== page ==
Once I abandoned the quest for the perfect application, the confusion improved and I was able to implement some of the techniques. This is fairly typical for me. I am a self-help junkie (though only for self-help books that focus on organization and time management). I am a naturally disorganized person, which results in an unhealthy fascination with and extreme dedication to being organized. As a result I am an obsessive micromanager and constantly struggling macromanager. In some situations, this is quite beneficial. When it comes to organization as a teacher and in some ways as an academic, my detail-oriented nature is helpful. When it comes to overall peace of mind and organization in other aspects of my world, it results in constant struggle. Still, my continued devotion to learning about organizational strategies has been beneficial; with each system I learn about, I extract at least a few techniques and integrate them into my everyday life. Each system that I read about and attempt to implement improves my level of organization. GTD has been similarly helpful. At the same time it has been more frustrating than the other systems I’ve attempted. Specifically, the other systems seemed in many ways counter-intuitive and ultimately incompatible with my personality and my profession (most systems were created for 9-5 business folks not academics). On the other hand, GTD seems quite intuitive and meshes both with my personality and profession. So, why is it so difficult for me to integrate it into my life?
Ultimately, the most difficult part of the implementation process is the “Jesus factor.” I expect the system to save me from all the difficulties of my life if I simply accept it as my savior. (Caveat: I know this isn’t really how Christians believe that people are “saved through Christ” but that it is the misconception, thus it fits well with my own. So, please, no offense to Christians meant.) In other words, the work part of it gets overlooked, especially the reality that it takes time to effectively implement any system. I want to jump straight past the collection of everything and just start using the system. As a result, I still have a lot of brain space filled with unimportant information or at least information that could be more effectively stored elsewhere. One aspect of this relates back to my previous issue–I can’t decide on what tools I should use. So, I just chose one and jumped straight into using it. My most recent attempt follows this model.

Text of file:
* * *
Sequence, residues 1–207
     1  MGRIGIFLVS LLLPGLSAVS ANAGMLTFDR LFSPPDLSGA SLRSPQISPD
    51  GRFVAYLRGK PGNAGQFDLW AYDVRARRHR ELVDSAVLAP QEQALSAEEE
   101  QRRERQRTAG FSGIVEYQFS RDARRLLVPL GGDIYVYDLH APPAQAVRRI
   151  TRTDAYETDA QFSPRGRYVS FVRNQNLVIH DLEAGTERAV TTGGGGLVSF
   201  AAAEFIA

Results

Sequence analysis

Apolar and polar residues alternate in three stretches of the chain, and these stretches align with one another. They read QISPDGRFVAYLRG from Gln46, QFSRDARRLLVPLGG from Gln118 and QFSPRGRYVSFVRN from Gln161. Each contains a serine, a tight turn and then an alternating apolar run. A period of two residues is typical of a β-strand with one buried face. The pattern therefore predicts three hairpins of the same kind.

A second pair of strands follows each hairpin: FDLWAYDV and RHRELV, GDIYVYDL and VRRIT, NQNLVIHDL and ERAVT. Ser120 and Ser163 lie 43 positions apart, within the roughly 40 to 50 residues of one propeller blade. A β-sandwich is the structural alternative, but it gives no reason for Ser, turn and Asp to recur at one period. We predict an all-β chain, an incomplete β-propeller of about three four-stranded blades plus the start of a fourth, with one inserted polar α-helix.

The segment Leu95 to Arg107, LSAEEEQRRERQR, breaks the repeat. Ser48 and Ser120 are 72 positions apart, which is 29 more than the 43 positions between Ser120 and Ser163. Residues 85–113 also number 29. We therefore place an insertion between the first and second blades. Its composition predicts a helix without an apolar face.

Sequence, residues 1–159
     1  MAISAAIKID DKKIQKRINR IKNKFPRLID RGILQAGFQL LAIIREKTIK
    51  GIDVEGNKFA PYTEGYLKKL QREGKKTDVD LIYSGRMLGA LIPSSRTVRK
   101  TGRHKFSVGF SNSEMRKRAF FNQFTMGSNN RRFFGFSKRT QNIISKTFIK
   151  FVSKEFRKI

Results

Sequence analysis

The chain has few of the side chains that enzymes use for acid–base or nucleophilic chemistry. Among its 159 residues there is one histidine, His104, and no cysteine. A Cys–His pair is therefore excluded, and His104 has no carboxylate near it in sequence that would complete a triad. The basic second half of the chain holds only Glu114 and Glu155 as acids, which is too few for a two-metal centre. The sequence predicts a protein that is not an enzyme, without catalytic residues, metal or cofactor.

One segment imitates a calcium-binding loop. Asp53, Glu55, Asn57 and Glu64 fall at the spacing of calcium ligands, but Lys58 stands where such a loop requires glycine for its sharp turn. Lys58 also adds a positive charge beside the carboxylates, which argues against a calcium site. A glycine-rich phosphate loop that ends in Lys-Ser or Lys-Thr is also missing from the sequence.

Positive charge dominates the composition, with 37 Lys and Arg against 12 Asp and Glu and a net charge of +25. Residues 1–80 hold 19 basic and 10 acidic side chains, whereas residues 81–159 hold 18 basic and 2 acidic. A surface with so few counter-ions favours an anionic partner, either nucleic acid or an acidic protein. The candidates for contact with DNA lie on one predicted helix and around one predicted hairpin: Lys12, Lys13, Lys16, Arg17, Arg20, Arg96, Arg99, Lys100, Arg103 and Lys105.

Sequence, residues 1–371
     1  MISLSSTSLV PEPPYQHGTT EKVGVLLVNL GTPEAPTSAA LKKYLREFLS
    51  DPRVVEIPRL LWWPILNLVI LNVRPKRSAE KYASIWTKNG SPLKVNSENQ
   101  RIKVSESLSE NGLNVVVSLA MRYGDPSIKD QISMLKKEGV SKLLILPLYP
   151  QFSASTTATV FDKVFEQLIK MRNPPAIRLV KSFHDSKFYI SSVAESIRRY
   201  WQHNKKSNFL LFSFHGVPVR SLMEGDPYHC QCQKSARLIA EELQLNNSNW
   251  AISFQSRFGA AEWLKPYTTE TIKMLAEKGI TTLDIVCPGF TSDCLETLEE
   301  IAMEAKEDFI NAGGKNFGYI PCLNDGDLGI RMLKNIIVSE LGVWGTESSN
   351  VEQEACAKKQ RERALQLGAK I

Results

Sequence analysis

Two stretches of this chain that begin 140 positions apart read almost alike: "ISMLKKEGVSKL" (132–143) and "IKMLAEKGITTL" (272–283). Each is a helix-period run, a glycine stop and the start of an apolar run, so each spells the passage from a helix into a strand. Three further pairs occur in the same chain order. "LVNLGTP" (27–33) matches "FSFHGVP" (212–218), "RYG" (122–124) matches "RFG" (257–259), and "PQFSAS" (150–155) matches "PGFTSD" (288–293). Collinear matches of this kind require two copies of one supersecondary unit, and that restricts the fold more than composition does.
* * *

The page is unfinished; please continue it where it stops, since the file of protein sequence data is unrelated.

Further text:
Merging Unrealistic Expectations into Software Applications
Now, on the one hand, I seem to have found a fairly good software application and am having some success in using it. Things is a task management/to do/organization application for Mac that is designed using the GTD methodology. Software designed based on an organizational system isn’t an entirely new phenomenon. I know that at the very least software has been designed for the Franklin Covey system. GTD, however, has gone (as one of my favorite tv characters would say) “crazy viral.” In other words, there are already tons of apps designed specifically for GTD and even more that have been hacked to use the methodology. As with all applications, this has been done to varying degrees of success. Since I’ve tried out quite a few of them, I feel fairly confident in recommending Things.
Ultimately, Things allows me to create tasks on the fly (using a keyboard shortcut), set up projects, tag tasks based on what I need to complete them, include notes for the task, assign due dates, set up recurring tasks, and set areas of focus. So far I’m not utilizing Things to its utmost potential. For example, Things allows you to set up “horizons of focus” –areas of responsibility in your life. Right now I’m using tags to divide tasks by my various roles (e.g., “teaching,” “scholarship,” etc.). I am, however, collecting to do items as they occur to me (at least while I’m at my computer, which is most of the time) and filing them under projects as is appropriate. The projects that I have currently defined might be more accurately represented as “horizons of focus” under the GTD methodology. For example, I have “English 420 Spring 2010″ as a project, which is rather broad, as are other projects such as “job search” and “professional development.” Still, for right now these seem to be serving their purpose and since time is an issue, I’ll continue to use them until I have some extra time to learn the other ways of organizing these tasks/projects. One of the functions that I find most useful is the tagging feature. I use David Allen’s “contexts” for these. Specifically, I tag tasks based on where I need to be in order to complete them. “Do laundry,” for instance, would be tagged “@home,” while “pick up dry cleaning” would be tagged “@errands” and “pay credit card bill” would be tagged “@online.” Using those tags, I can sort items that I need to do when I actually can do them. This keeps me from constantly looking at items like “do laundry” while I’m in my office on campus or at a coffee shop.
So far, so good. More to come… In my next post I’ll discuss how GTD works for academics and is particularly adaptable to organizing writing and research.